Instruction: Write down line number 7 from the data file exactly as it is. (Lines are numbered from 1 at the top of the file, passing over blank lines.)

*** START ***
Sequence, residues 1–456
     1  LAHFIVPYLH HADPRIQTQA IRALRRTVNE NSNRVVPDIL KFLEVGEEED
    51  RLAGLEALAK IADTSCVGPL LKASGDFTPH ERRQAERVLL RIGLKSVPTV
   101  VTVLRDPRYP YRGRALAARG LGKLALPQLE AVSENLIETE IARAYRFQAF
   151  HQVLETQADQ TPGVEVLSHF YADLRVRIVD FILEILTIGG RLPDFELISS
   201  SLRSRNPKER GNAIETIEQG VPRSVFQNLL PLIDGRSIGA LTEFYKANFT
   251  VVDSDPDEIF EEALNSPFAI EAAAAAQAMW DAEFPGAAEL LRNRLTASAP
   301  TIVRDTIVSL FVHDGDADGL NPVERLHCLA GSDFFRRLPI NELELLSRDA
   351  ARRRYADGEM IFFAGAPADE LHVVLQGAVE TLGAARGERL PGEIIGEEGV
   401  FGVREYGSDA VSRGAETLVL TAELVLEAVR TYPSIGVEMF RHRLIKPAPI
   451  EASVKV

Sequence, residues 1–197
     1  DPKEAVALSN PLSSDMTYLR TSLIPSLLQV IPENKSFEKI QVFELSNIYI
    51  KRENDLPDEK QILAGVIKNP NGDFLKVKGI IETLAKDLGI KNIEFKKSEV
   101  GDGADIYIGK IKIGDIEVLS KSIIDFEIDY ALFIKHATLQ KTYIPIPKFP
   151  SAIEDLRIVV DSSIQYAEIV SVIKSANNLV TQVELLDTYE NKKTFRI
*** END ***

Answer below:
   251  VVDSDPDEIF EEALNSPFAI EAAAAAQAMW DAEFPGAAEL LRNRLTASAP